MA can only be used for Medical Expenses.

It pays an interest of 4% p.a. However, its growth potential is limited because the MA is capped at the Basic Healthcare Sum (BHS).

The BHS is currently at $63,000 and it increases every year.

Once the BHS is achieved, any contributions meant for the MA will be redirected to the SA, the favourite child.

Retirement Account: The Accidental Child Conceived In Your Old Age

At 55, the Retirement Account (RA) will be magically created for you.

Like a plot twist in a novel, it turns out that your new child is very sick and needs new organs or cord blood, or it will die. It so happens that your favourite child (SA) is the most compatible donor. And it turns out your eldest child (OA) is the second most compatible donor.

With conception of the RA introduces us to a few new terms:

  • Basic Retirement Sum (BRS) – The minimum amount you have to keep in your RA if you wish to withdraw from it. Currently at $93,000
  • Full Retirement Sum (FRS) – The amount that will be transferred from your SA and OA into your RA. Currently at $186,000.
  • Enhanced Retirement Sum (ERS) – The addition amount (on top of the FRS) that you can top up your RA. Currently at $279,000

These sums, like the BHS, increases yearly. So please refer to the CPF website for the most up to date calculation.

So how is your RA created? Here are some scenarios:

  1. Your SA has more than the FRS: The FRS amount is transferred from your SA to your RA.
  2. If your SA has less than the FRS: Your SA account will be emptied into the RA. Whatever shortfall between the FRS will be taken from the OA next until the RA reaches the FRS.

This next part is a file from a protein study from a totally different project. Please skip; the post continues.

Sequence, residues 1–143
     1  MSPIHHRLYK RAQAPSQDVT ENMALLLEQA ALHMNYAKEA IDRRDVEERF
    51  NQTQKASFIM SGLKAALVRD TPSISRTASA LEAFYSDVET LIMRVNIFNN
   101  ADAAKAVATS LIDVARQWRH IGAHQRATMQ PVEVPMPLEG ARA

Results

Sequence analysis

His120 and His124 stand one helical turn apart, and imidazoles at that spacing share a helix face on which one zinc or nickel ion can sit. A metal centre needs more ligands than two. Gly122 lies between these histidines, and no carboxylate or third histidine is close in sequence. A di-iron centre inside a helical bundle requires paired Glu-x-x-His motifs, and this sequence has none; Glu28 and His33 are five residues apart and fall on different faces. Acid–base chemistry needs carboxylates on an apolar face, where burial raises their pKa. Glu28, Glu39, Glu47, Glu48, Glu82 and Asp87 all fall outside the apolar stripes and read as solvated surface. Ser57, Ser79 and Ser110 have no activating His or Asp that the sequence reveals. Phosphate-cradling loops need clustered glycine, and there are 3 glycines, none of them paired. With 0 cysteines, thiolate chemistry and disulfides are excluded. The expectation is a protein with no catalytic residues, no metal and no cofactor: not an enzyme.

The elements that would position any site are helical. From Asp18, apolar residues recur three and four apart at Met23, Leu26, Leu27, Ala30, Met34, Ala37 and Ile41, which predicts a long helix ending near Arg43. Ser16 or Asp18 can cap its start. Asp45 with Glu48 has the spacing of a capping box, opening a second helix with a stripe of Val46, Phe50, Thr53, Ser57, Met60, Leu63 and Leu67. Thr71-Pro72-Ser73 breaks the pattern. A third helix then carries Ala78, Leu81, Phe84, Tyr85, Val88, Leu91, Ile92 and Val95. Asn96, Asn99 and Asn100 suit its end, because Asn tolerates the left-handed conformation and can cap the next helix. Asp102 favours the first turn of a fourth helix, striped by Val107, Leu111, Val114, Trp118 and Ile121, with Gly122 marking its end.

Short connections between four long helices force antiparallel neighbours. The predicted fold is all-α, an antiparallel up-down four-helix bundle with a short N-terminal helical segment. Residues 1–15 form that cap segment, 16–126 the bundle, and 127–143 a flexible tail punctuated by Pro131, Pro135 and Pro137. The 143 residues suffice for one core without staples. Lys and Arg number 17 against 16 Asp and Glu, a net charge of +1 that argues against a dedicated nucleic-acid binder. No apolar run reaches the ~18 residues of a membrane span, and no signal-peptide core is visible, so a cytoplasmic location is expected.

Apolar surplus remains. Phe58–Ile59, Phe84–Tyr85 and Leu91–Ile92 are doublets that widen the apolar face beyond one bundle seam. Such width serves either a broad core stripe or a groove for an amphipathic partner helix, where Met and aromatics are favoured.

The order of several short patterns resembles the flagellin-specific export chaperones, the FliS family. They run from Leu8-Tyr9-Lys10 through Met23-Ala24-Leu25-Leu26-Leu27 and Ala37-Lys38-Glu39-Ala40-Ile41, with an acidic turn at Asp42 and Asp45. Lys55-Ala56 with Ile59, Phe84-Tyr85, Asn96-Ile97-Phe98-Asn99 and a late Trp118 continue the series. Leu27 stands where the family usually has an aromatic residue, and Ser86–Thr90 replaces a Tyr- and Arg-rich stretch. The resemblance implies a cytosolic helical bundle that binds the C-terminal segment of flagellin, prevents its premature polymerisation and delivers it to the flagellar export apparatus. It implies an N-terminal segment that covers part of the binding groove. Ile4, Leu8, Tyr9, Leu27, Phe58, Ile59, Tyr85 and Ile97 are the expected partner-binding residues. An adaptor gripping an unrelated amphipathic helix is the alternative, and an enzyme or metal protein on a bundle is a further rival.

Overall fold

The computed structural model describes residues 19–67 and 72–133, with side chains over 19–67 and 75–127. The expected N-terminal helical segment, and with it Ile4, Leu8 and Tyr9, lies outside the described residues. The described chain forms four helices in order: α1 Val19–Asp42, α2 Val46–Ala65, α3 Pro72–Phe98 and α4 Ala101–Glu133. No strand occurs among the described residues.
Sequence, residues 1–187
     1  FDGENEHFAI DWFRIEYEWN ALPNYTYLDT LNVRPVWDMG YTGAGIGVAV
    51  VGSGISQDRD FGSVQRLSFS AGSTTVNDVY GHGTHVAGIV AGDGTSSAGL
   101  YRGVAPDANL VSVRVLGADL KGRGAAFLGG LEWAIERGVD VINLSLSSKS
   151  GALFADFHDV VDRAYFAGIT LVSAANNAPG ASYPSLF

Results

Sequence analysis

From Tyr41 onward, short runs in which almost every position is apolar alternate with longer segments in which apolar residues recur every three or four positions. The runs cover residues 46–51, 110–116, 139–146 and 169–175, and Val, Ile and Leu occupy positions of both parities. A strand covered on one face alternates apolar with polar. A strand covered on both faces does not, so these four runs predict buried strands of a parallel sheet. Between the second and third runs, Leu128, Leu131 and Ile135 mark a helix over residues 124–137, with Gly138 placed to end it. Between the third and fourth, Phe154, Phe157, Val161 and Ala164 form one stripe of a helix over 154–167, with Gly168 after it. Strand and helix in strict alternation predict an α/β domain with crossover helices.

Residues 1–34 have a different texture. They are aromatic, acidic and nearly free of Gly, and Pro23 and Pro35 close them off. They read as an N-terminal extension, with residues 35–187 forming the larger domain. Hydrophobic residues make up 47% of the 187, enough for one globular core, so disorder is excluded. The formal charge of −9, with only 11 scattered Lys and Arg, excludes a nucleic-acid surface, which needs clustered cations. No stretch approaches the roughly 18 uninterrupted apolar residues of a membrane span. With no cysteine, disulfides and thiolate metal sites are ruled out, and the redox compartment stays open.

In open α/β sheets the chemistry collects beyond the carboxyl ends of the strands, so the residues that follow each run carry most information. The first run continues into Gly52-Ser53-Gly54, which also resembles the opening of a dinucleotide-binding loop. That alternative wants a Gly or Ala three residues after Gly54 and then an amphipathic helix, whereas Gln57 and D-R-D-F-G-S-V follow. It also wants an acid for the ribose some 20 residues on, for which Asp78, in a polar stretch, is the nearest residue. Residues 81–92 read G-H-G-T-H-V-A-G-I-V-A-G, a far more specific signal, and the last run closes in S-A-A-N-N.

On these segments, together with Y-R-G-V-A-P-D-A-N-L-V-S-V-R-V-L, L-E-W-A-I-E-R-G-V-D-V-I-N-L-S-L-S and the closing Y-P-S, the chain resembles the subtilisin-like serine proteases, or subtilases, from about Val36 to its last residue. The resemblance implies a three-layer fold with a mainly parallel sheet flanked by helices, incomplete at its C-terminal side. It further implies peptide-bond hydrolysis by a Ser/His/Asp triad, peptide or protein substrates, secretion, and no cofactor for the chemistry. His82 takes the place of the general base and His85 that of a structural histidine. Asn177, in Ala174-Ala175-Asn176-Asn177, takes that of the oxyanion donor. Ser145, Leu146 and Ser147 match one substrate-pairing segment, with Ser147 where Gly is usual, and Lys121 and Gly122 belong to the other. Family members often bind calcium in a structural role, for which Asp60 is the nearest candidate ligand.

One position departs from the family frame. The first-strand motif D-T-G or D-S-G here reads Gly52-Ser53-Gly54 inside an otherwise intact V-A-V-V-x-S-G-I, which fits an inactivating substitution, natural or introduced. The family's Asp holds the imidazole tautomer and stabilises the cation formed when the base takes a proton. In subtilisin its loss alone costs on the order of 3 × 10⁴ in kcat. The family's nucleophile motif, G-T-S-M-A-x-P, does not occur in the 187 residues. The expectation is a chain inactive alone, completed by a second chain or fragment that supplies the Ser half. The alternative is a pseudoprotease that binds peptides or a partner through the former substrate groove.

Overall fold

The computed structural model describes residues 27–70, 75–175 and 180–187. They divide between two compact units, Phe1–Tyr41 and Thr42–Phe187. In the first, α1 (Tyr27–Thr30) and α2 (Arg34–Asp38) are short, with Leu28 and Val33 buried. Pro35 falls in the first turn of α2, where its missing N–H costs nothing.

3. If your SA and OA combined is less than the FRS: Both your SA and OA will be fully transferred to the RA, leaving you nothing in both those accounts.

The RA gives 4% interest, and the money in that account is mainly used for CPF LIFE. This annuity pays out regular income until your death.

The amount you can transfer into this account is capped at the ERS.

You can still withdraw from your RA up to the Basic Retirement Sum if you pledge your property.

What is pledging your property?

It means that if you sell your property, you have to refund the pledged sum back (and accrued interest) into your CPF account.


PurposeTo fund housing, education, insurance or investRetirement savingsFund medical emergencies and health insuranceAnnuity (CPF LIFE)
Can it be withdrawn? Yes, after age 55Yes, after age 55NoUp to BRS if you pledge your property
Maximum cap of amount in the account?NoNoBasic Healthcare SumEnhanced Retirement Sum
Top up available?No. Just general voluntary contribution to CPFYes, Retirement Sum Top Up Schemes – up to FRSYes, top up Medisave accountYes, Retirement Sum Top Up Schemes – up to ERS

The CPF family, as with all normal families, is complicated and misunderstood. Each child plays a different role in the family. Each child has different potentials.

Likewise, each account plays a specific role and has their own interest rates.

We need to give each of them more attention and use them according to their strengths.


2 thoughts on “CPF Accounts Simplified”

Leave a Reply

Fill in your details below or click an icon to log in:

WordPress.com Logo

You are commenting using your WordPress.com account. Log Out /  Change )

Facebook photo

You are commenting using your Facebook account. Log Out /  Change )

Connecting to %s